Come December 2012 and Cyrus Mistry, the Chairman of the Tata Group of companies will complete four years at the helm. So how has been the share price performance of the group companies under his watch? Well, not bad if you ask us. As today's chart of the day highlights, the top five in terms of share price performance have given returns ranging from 83% for Tata Motors to as much as 257% for Voltas, the leader of the pack.

Of course, the gains in the stock price is also a factor of the starting valuations as well as the valuations currently and this is precisely where companies like Voltas and Tata Communications seemed to have gained. Besides, it would be a little premature to say that Mistry has had an important role to play in the share price movement of these companies.

To his credit though, he has made some correct moves post his appointment, like the big writedowns he initiated at group companies like Tata Steel, Tata Chemicals and Indian Hotels. Besides, the exiting of certain loss making and non-core operations is also laudable. To us, he is certainly laying a strong foundation for capitalizing on the next wave of growth.

Best Performing Tata Group Companies Under Cyrus Mistry


The turnaround specialist and billionaire investor Wilbur Ross doesn't think the US economy would be pushed into a recession if the Fed hikes interest rates. On the contrary, the Fed not hiking rates is more likely to lead to a recession as per him. Newsmax reports him as saying that if 25 basis points is all that's keeping this economy together, we got nothing going.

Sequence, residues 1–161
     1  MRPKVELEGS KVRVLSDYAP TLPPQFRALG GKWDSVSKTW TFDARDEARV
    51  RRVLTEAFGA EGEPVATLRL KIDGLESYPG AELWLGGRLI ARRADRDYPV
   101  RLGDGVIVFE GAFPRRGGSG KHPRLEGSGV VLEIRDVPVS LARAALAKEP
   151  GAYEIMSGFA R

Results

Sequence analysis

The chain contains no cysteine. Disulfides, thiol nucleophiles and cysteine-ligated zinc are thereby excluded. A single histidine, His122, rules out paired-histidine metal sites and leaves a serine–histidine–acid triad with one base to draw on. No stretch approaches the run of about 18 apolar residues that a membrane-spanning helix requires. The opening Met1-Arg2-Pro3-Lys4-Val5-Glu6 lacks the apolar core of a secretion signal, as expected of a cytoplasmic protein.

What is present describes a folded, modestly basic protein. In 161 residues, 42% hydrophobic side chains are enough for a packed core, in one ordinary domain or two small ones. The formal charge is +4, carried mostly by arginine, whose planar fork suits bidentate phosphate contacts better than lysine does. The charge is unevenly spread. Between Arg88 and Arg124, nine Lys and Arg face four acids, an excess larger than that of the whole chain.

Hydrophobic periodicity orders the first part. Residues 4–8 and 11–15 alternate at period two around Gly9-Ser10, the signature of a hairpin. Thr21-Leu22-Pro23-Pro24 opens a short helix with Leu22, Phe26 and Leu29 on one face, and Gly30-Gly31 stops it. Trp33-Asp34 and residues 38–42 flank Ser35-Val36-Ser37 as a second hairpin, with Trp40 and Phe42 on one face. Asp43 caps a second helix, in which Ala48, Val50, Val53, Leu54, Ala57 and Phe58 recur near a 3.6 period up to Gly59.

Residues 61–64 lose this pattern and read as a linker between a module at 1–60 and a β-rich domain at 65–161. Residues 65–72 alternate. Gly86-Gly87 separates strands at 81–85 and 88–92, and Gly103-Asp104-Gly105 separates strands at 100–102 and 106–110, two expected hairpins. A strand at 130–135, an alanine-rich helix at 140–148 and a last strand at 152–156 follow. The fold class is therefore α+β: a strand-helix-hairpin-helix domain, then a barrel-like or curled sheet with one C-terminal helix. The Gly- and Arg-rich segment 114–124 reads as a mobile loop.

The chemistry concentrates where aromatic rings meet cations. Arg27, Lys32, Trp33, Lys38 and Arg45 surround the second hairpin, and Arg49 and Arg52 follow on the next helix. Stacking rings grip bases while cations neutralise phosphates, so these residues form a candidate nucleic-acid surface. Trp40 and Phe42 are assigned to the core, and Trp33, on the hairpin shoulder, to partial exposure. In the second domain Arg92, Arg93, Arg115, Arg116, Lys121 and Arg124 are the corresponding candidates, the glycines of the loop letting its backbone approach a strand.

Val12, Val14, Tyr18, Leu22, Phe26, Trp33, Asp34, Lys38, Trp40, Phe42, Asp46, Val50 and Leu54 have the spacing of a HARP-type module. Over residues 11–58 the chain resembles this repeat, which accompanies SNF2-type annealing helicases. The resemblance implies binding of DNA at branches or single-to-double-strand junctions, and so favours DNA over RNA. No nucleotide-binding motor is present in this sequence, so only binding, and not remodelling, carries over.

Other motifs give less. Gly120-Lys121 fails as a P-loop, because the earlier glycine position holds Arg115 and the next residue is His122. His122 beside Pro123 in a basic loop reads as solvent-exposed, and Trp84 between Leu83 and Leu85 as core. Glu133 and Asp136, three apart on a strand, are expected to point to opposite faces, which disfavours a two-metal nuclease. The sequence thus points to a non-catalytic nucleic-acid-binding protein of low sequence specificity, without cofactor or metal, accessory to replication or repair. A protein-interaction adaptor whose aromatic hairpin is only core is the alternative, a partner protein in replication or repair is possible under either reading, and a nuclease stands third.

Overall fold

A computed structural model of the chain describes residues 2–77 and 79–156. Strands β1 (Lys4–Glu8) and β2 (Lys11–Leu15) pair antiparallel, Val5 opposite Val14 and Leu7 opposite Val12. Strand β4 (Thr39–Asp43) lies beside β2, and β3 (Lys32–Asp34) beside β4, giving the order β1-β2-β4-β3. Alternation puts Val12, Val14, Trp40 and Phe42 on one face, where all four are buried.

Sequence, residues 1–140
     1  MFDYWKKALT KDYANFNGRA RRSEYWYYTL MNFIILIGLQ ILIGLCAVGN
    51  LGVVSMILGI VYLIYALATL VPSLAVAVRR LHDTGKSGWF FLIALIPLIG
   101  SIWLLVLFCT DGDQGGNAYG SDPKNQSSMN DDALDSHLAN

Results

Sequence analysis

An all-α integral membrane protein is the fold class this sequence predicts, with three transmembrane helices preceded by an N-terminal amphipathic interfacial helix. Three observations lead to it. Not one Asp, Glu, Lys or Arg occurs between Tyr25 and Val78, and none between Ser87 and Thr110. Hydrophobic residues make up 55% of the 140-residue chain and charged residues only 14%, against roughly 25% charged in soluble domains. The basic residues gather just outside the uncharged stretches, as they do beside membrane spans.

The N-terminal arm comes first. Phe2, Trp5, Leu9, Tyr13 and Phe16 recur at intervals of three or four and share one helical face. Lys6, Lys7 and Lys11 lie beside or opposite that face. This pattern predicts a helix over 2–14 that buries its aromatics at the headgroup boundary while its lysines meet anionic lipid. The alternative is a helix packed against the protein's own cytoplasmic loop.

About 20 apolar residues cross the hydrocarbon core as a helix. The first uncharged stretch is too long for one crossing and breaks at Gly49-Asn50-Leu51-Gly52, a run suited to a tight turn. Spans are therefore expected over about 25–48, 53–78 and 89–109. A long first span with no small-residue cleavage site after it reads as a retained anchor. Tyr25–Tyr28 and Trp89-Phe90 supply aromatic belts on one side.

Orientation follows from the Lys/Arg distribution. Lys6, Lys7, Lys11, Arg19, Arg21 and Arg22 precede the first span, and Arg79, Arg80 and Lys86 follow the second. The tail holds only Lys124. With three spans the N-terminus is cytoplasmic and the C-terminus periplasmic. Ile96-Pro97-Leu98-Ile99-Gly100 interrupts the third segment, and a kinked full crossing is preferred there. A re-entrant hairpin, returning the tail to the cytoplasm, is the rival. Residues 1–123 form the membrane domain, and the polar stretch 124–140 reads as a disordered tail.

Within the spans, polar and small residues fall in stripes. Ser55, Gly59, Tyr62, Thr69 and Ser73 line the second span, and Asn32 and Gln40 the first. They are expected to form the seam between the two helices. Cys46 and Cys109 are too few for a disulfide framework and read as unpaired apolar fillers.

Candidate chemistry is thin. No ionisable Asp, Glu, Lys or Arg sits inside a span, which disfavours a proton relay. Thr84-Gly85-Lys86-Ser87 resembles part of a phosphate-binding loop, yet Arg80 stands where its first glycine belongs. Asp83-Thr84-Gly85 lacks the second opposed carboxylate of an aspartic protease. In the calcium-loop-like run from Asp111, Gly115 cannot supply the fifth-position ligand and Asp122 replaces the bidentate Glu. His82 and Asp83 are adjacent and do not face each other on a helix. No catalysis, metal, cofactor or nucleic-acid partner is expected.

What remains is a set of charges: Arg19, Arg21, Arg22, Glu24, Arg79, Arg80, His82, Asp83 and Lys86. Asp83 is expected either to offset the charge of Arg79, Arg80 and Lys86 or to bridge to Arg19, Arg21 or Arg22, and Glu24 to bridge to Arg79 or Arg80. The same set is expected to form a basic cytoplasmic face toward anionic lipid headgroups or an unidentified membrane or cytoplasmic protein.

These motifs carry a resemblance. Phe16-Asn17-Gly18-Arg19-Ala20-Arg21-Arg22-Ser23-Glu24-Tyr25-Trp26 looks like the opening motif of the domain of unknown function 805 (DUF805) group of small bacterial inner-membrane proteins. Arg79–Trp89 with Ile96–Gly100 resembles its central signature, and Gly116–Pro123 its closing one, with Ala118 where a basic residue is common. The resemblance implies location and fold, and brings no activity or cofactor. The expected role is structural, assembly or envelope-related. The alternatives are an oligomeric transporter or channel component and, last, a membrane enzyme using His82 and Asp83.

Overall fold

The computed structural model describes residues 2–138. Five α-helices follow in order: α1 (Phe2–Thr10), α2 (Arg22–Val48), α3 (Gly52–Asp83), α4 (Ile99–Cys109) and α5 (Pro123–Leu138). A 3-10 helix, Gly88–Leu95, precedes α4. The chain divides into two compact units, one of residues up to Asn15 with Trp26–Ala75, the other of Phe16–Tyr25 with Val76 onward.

His argument is that if we don't increase rates now and then when we have a recession couple of years down the line, there will be nothing in the Fed's toolbox to fix things. Consequently, it is better that the rates are hiked now so that they can at least be lowered when there's a real recession.

Of course, the Fed does need to hike interest rates as per us. But the fallout isn't likely to be as muted as Ross is hoping it to be. There's a strong possibility that the rate hike sets off a series of events that really lands the global economy into trouble as the underlying fundamentals aren't that strong. At a time when most of the developed world is up to its eyeballs in debt, even a small rise in interest rates could make servicing the debt a difficult proposition. On the other hand, interest rates can't be taken any lower as they are already close to zero. Honestly, it is a classic case of being stuck between the devil and the deep sea.

  • Our youth now love luxury. They have bad manners, contempt for authority; they show disrespect for their elders and love chatter in place of exercise; they no longer rise when elders enter the room; they contradict their parents, chatter before company; gobble up their food and tyrannize their teachers.

Now, whether you agree or disagree with this, you are probably wondering what this quote is doing on a page that talks about markets and investment. Well, we can assure you that it is exactly where it should be. You can click here and read the full article by Apurva Sheth from Daily Profit Hunter where he connects this quote to the markets.


Meanwhile, Indian indices traded flat today with the Sensex lower by around 20 points at the time of writing. BSE Small Cap index was seen bucking the trend by trading marginally higher. Amongst sectors, FMCG and Healthcare stocks were finding favour while banking was out of favour.


"Look at market fluctuations as your friend rather than your enemy; profit from folly rather than participate in it." - Warren Buffett

This edition of The 5 Minute WrapUp is authored by Rahul Shah (Research Analyst).